Cradling the Chrysalis: Teaching/Learning Psychotherapy.
|Article Type:||Book review|
|Subject:||Books (Book reviews)|
|Publication:||Name: Existential Analysis Publisher: Society for Existential Analysis Audience: Academic Format: Magazine/Journal Subject: Psychology and mental health Copyright: COPYRIGHT 2010 Society for Existential Analysis ISSN: 1752-5616|
|Issue:||Date: Jan, 2010 Source Volume: 21 Source Issue: 1|
|Topic:||NamedWork: Cradling the Chrysalis: Teaching/Learning Psychotherapy (Nonfiction work)|
|Persons:||Reviewee: Sullivan, MacCallum M.; Goldenberg, H.|
Cradling the Chrysalis: Teaching/Learning Psychotherapy MacCallum
Sullivan, M. and Goldenberg, H. (2003). London: Continuum
This is a useful book in that it is one of the very few I have ever found that take seriously the experience of training in psychotherapy and argue (and demonstrate) that it is something to reflect on. I have seen much course material instructing trainees to reflect on the experience and the odd chapter in supervision texts drawing attention to the amount of learning that can occur when we train in psychotherapy. But a slow, considered deliberation of the process, of the challenges, the joys and the dilemmas is not something I see very often. The authors tackle a range of issues in the seven chapters that constitute the book. They consider the place of 'meaning' in this profession and in our lives; the complex phenomenon of teaching and learning; relationality; Frames and the place they have in training; the content of training; and while there is a dedicated chapter on ethics, this is a concern that runs throughout the book.
By using their own conversation (which is physically outlined in print throughout the book), Sullivan and Goldenberg invite us in to their own conversation about the process of learning and teaching psychotherapy. The book is organised around this conversation where the authors talk to each other about theory and practice, ethics and experience. I came to really enjoy this strategy and found myself thinking and almost commenting out loud in a way that I seldom do when following the 'straightforward' explication of theory. What is particularly heartening about this book is the way that the authors allow us into their dilemmas rather than simply explaining the right way to do something. This is a much more authentic, not to say convincing, approach especially when tackling topics such as 'Being-together' (and when tackling it in this culture of regulation that seems to be based on the assumption of rampant incompetence and deceit in psychotherapy--a view that the authors do not subscribe to).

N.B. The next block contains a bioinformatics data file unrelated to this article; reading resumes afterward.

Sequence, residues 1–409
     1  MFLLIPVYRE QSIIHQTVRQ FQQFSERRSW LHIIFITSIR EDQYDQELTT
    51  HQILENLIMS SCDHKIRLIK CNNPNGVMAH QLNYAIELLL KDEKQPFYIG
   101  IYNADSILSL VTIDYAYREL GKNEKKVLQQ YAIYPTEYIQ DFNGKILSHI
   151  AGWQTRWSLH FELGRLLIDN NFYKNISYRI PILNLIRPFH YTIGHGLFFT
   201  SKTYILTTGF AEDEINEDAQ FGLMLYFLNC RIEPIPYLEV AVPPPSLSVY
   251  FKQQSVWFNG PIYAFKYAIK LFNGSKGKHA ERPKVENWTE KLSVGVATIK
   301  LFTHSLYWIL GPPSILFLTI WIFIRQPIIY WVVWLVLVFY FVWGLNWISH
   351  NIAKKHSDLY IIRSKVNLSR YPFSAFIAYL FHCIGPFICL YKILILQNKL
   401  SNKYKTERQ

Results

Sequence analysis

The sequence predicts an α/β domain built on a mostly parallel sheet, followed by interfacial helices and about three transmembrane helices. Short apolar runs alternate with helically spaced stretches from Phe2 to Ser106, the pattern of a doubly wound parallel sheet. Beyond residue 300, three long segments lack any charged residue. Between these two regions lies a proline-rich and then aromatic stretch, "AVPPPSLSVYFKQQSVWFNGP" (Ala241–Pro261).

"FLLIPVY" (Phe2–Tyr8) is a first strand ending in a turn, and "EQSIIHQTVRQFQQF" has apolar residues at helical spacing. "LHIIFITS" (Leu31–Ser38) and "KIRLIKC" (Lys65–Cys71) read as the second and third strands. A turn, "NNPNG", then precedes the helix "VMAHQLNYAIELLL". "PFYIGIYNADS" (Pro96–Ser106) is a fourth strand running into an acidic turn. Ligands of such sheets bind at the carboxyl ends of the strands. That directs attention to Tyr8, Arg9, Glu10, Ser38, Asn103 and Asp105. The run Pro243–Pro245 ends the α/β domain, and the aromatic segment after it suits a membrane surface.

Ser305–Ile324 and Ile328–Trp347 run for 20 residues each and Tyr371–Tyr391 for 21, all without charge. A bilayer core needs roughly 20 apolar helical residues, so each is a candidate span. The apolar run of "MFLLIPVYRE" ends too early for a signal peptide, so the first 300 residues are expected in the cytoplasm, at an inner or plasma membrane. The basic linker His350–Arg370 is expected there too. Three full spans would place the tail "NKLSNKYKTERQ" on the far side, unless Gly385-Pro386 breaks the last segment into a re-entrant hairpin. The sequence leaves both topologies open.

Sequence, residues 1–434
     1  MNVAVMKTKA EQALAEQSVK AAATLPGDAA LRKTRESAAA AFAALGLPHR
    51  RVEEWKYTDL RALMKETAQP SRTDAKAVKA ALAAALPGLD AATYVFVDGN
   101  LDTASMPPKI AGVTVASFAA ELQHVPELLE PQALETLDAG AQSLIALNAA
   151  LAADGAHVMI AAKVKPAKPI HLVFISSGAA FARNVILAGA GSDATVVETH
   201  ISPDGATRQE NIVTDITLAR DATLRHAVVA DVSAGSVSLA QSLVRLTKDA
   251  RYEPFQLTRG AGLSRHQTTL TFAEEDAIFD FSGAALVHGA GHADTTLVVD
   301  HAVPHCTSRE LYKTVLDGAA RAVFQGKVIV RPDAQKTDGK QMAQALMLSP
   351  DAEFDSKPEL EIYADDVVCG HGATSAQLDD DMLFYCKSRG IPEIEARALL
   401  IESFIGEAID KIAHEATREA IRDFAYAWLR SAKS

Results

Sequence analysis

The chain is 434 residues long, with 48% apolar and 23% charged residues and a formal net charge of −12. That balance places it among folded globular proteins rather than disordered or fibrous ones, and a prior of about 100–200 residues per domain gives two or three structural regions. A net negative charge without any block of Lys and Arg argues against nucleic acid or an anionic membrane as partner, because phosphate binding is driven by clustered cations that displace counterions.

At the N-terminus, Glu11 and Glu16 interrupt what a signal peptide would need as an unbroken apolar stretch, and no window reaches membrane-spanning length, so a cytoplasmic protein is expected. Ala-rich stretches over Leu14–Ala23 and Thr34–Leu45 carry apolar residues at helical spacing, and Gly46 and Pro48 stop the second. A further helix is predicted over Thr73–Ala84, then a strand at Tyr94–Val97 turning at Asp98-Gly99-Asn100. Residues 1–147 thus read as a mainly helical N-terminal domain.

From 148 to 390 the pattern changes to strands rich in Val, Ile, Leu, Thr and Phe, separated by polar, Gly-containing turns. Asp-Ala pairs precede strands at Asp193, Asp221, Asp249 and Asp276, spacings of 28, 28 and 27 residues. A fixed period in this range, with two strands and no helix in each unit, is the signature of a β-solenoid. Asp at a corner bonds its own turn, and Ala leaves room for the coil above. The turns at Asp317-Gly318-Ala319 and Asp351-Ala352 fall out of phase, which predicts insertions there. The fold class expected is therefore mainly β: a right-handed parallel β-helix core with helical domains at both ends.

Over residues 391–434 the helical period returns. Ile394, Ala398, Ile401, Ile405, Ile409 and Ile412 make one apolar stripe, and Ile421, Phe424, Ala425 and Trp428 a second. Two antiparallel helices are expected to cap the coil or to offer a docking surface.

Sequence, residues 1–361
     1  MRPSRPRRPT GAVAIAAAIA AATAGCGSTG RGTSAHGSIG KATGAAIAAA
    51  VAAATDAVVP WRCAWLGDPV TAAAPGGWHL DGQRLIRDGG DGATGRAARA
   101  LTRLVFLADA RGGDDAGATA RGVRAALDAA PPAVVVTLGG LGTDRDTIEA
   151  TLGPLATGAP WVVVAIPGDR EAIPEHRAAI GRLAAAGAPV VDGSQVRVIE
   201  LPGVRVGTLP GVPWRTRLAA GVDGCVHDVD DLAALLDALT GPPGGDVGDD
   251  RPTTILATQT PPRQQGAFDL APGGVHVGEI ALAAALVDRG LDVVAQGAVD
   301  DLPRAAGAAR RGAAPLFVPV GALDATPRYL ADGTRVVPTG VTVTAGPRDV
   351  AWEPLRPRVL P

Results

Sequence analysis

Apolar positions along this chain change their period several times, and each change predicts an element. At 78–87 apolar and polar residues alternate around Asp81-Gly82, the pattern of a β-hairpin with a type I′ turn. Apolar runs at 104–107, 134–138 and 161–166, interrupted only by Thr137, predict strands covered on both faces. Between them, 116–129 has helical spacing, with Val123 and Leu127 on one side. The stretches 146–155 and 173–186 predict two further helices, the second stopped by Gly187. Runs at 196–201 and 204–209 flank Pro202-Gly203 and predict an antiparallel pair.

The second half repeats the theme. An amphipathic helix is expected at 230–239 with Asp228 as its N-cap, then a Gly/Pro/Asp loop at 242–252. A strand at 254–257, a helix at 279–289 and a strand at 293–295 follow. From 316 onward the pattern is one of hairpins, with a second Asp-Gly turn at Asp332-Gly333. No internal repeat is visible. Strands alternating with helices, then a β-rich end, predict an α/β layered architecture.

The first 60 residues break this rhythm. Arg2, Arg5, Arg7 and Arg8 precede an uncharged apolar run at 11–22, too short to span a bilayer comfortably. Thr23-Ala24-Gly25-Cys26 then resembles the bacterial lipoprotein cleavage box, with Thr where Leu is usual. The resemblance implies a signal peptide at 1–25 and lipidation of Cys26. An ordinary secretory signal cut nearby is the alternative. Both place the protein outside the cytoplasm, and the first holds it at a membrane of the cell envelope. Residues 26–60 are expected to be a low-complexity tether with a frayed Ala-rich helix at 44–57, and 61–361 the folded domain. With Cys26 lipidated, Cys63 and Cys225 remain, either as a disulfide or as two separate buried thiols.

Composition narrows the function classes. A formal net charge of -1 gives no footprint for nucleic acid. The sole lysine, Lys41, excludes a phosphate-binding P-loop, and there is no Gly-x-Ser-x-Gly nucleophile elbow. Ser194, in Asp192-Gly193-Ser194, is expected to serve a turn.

A question that may be relevant to readers of this journal is whether or not this is a useful book for existential practitioners? Absolutely! The fact that the authors come from different perspectives and make no claim to have written a book on the existential issues involved in training in existential psychotherapy is in some respects irrelevant. For me, the authors have tried to produce a much more inclusive text than one that would be possible if it limited itself to one theoretical position. And, I was pleased to see the authors tackle the issue of allegiance to one mindset head on. They remind us that the essence of psychotherapy is the search for meaning inherent in that which we see, rather than a practice that diagnoses and imposes meaning on a phenomenon. The fact that the authors come from different theoretical models (at least on paper) is one of the ways that they shed light on the challenge of this profession, being open to the unknown, to what is unfamiliar. They carefully run through the ways that they attempt to engage ... whether that be in the consulting room, in the classroom or in the pages of the book.
This is not to say that I had no difficulty with this book. I did at first, in fact I found myself being strangely ambivalent to it. So much so that I put it down after a quick scan. The second time I picked it up I realised quite clearly what a little gem this book is. My initial mistake was to do with the mindset with which I approached the first reading. At the time of requesting and receiving the book I was slap bang in the middle of preparing for the new academic year and had gotten into a functional, unthinking place. In essence my relationship with the readings I was seeking was characterised by a sense of 'I-It' (I know a book is a legitimate 'It' but equally we all have our favourite texts that 'speak to us', ones we engage with in a fluid, responsive manner). At that time I wanted a chapter that would explain to trainees what they were getting into (hmmmm I hear the voices of HPC accreditation materials singing rather too loudly in my ears!!). I was looking for a chapter to refer trainees to that would explain the process and get them ready for the journey ahead. If you turn to this book in that functional manner, I suspect that you, like me, will find it sadly lacking. When I regained my senses, I realised that I have to thank the authors for rising above that limited, mechanical aim. While to have written the recipe book on training might have been lucrative (and would certainly have fitted with the current zeitgeist about consumers' rights to choose the 'right' brand), it would have made for a text without the soul, creativity and imagination that this book has in abundance. So for anyone ready to ponder the fascinating, scary yet wonderful process that teaching and learning psychotherapy is, you could do a lot worse than sitting down, putting your feet up and really engaging with MacCallum and Goldenberg.
|Gale Copyright:||Copyright 2010 Gale, Cengage Learning. All rights reserved.|